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Tasteless internet users, a fearless kind internetcruelty - Illustration by Casey Kleeb Full view

Tasteless internet users, a fearless kind

Illustration by Casey Kleeb

Last month, tragedy struck Sandy Hook Elementary in Newtown, CT, when a gunman killed 20 young students and six educators. Jan. 15, 20 students sang “Over the Rainbow” on “Good Morning America” and released the song online to raise money for the United Way of Western Connecticut in remembrance of their peers.

Naturally, someone on the internet had to be a jerk about all the support the song has received.

On iTunes, the song has been given enough five-star ratings and supportive comments to fill 11 full pages.

On page 12, two individuals each gave one star ratings, one apparently doing it for fun, and the other being downright nasty, saying, “None of these reviews talk about the music (with few exceptions). Everyones [sic] just patting themselves on the back for spending 1.29 on last months headline.”

Punctuation errors aside — which I find offensive enough — who does this person think he or she is? The point of the song isn’t to be Grammy material. It is to pay tribute to lives lost in a grotesque act of violence.

And the many supportive comments aren’t people “patting themselves on the back,” as user JboogieTheBoogie claims, but instead are people who were touched by the song.

These people want the children and their families to know that others are still thinking of them, and they are willing to stand up and support their memory.

The comment may not be as horrible as many on the internet, but it’s still uncalled for. What’s the purpose of being cruel?

An extreme example of this online cruelty is the story of Ulanda Williams, the woman who recently fell through a slab of sidewalk into a basement in New York City. Williams is a large woman, with reports stating that she is anywhere between 300 and 400 pounds. Most online comments on the various reports claim that she wouldn’t have fallen through in the first place if she weighed less.

Here’s the deal though; it was a 4-by-6 foot slab of sidewalk, and she was only standing on it for about 10 seconds while waiting for a bus.

Two people of my size would have broken it. Three or four kids might have done the same if they were standing there in her place as well.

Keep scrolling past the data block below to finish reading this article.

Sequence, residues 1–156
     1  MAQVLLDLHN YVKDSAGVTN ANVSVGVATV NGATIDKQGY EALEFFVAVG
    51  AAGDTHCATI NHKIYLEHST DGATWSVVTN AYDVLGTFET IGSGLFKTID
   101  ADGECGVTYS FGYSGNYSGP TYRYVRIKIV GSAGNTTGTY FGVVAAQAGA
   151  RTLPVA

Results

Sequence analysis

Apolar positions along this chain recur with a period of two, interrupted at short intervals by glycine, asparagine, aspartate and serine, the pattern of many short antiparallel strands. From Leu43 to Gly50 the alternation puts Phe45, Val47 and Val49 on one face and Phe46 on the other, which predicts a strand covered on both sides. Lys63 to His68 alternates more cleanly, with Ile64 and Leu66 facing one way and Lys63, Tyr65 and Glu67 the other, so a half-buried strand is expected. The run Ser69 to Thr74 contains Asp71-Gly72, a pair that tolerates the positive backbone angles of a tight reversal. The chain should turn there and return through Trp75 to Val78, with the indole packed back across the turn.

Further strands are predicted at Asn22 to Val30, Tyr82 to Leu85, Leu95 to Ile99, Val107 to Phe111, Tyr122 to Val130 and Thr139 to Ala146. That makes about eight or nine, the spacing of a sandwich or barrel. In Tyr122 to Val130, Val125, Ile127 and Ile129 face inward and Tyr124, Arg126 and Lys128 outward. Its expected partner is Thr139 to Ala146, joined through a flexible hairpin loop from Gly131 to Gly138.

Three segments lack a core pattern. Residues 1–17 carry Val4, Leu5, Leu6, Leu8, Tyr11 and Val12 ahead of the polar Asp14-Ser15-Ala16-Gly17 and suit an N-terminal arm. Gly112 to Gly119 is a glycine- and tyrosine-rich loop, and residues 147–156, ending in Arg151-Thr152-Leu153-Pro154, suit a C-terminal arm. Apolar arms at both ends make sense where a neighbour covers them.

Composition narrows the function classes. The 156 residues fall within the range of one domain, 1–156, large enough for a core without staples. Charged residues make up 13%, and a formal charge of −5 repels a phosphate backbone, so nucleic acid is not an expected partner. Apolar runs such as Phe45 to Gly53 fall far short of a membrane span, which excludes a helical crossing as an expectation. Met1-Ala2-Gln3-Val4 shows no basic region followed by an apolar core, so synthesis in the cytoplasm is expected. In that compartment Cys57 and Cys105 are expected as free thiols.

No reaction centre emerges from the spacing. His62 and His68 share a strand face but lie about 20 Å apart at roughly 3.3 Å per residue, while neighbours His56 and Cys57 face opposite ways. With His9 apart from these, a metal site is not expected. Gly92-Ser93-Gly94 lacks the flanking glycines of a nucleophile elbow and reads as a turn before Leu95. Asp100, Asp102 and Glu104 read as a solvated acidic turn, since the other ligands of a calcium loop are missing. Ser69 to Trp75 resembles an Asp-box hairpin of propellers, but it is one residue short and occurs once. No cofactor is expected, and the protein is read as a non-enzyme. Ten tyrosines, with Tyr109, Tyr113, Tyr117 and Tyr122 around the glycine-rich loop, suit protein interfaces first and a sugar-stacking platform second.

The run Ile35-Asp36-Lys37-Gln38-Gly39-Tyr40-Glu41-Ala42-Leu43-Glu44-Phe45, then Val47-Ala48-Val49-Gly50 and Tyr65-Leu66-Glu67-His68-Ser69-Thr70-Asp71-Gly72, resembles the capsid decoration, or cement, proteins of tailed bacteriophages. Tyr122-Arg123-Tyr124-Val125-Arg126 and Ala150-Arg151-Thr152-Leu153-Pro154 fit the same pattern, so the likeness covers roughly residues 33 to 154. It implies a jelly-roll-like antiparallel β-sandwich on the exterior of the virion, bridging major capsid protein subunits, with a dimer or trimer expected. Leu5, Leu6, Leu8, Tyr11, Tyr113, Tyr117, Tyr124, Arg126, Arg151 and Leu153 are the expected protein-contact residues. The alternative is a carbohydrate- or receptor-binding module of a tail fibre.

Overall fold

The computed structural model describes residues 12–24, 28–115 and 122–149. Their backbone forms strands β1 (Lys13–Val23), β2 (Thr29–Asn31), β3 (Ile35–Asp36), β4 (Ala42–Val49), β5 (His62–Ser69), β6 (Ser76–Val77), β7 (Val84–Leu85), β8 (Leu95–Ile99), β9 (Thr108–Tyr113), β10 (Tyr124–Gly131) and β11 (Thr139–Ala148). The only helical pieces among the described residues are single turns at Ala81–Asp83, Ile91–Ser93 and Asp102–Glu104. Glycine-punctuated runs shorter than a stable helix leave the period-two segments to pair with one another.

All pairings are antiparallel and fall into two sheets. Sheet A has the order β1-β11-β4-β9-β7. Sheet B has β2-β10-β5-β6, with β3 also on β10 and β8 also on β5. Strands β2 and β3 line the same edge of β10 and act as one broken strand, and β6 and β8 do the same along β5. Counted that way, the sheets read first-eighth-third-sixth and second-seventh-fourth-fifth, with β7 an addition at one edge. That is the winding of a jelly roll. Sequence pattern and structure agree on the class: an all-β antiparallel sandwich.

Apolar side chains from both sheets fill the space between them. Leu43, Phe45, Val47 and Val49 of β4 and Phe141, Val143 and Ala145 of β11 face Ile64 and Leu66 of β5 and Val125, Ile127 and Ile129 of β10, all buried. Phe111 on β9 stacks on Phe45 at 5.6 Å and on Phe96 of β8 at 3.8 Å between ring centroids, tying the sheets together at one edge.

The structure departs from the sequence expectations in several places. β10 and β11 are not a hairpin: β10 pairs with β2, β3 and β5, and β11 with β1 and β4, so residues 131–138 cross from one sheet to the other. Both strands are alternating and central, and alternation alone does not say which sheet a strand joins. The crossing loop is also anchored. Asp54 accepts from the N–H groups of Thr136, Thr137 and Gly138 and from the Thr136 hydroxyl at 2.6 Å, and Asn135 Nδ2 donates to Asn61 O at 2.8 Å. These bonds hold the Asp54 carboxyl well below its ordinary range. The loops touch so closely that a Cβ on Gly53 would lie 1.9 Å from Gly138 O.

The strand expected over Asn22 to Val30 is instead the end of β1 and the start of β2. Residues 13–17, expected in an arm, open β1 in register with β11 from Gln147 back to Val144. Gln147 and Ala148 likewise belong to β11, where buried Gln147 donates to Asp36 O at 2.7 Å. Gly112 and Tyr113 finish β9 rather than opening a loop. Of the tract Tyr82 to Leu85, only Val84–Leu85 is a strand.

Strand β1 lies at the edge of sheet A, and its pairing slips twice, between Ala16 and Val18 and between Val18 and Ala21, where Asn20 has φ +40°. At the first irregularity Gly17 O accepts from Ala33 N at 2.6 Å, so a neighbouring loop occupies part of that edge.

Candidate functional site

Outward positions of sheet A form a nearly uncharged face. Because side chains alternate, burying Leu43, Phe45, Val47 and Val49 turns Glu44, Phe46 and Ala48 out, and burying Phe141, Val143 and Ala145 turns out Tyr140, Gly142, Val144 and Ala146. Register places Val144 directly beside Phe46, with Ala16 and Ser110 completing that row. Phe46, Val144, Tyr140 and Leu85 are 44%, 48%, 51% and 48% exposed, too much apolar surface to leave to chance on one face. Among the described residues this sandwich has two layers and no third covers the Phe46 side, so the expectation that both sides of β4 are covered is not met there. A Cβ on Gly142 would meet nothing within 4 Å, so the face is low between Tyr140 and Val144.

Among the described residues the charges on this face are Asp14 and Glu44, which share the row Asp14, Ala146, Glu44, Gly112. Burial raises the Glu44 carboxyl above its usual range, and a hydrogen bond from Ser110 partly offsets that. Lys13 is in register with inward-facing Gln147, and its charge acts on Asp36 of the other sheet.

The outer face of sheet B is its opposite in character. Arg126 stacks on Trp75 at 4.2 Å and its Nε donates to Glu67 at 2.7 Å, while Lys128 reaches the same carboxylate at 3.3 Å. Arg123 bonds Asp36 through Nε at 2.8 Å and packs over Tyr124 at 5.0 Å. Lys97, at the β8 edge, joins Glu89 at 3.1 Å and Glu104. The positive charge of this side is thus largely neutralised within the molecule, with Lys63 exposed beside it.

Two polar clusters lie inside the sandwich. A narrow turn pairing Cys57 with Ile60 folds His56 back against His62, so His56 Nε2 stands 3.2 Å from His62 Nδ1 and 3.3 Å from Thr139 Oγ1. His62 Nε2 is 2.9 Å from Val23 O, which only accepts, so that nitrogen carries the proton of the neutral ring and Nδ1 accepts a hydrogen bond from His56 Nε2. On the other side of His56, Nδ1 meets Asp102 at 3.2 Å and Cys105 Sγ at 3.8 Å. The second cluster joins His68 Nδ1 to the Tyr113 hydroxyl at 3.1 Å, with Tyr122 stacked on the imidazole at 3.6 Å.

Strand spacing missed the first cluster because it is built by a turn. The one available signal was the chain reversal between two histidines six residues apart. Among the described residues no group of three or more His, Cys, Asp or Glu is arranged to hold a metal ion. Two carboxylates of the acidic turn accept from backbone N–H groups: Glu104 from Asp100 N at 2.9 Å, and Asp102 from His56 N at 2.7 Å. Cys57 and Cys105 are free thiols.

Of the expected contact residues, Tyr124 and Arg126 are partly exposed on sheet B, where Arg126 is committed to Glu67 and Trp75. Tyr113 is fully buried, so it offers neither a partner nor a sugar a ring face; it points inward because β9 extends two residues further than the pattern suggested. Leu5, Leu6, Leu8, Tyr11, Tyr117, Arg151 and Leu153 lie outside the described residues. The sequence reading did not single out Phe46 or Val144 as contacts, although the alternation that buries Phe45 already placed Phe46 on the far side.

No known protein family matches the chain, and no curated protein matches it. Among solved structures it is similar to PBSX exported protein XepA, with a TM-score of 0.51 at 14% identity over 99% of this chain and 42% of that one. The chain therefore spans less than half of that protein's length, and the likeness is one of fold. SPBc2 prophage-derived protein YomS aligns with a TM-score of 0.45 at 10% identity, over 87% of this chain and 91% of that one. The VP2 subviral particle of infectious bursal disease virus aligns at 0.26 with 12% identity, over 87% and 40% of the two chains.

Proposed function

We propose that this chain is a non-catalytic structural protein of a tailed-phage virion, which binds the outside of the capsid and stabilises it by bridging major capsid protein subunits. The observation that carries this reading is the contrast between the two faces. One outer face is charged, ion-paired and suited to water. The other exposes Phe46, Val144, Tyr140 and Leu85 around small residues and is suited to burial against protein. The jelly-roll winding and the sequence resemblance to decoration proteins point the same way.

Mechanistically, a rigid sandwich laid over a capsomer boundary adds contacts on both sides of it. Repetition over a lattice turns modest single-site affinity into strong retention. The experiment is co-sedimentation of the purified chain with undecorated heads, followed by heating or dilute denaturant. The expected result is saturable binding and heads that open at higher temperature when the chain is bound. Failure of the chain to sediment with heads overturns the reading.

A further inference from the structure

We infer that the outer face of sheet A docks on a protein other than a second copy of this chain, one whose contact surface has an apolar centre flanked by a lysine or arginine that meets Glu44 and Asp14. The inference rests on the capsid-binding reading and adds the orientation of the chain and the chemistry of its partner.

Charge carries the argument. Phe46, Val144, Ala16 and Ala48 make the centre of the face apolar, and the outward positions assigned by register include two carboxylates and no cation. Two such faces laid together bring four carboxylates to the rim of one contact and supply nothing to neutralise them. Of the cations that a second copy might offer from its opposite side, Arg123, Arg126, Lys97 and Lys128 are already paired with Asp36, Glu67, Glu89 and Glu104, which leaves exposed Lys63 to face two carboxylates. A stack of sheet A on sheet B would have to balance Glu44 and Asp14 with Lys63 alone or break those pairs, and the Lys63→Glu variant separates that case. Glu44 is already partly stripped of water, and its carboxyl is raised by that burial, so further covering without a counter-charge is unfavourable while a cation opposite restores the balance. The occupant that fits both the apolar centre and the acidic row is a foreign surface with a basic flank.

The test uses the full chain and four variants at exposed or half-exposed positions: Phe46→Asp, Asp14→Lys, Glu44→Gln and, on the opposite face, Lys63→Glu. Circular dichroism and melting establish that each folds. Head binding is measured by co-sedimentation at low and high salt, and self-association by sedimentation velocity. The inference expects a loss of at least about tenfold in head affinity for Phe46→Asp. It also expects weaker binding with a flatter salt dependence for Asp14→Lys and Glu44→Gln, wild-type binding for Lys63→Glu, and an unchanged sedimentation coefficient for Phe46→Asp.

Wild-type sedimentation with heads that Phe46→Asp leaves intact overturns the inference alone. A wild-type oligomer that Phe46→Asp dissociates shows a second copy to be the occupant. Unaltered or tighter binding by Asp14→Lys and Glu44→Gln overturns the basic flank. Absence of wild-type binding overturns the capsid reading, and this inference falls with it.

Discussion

The fact of the matter is that the sidewalk should have held her up without a problem. Inspectors from the New York City Department of Buildings state that faulty steel doors and a loose staircase caused the safety hazard and go so far as to state that the building has even more violations that haven’t been addressed.

All this information is readily available in the story, but most Internet haters only focus on the fact that the victim of the fall happens to be large. And they berate her for it. One comment on the Huffington Post website goes so far as to say, “They should leave her in to fill the gap.”

Really? Is this OK? Is this socially acceptable? Or is our society so empowered by the ability to hide behind usernames that people can throw common social graces to the wind and still think of ourselves as decent people?

This form of bullying and general disregard for people is never OK — not in person and not online. It doesn’t matter if the comment is as tame as JboogieTheBoogie’s comment on iTunes or as horrible as the many regarding Williams and her weight. It is both tactless and tasteless to make them. Making them anonymously under a username makes the action cowardly as well. Be better than that.

Because people from all walks of life deserve better than that.

Written by Heather Hamilton

Hi! I'm Heather, the A&E Editor for TNL. I like sappy romance music, long walks on the beach, watching Doctor Who... Oh, wait, this isn't a personal ad. Whoops. In any case, I love my job, and my little corner of The Paper. The art, music, dance, and theatre scenes are always so interesting to me, and I adore taking the time to explore and write about them. I feel that they are an under appreciated part of society, despite how important they are TO society. How did the Greeks introduce moral concepts to one another and debate them? Through plays. See kids, they ARE important! If you have any ideas for me, please feel free to get in touch with me and pitch your angle; I am more than happy to step outside of the box and report on something different and new!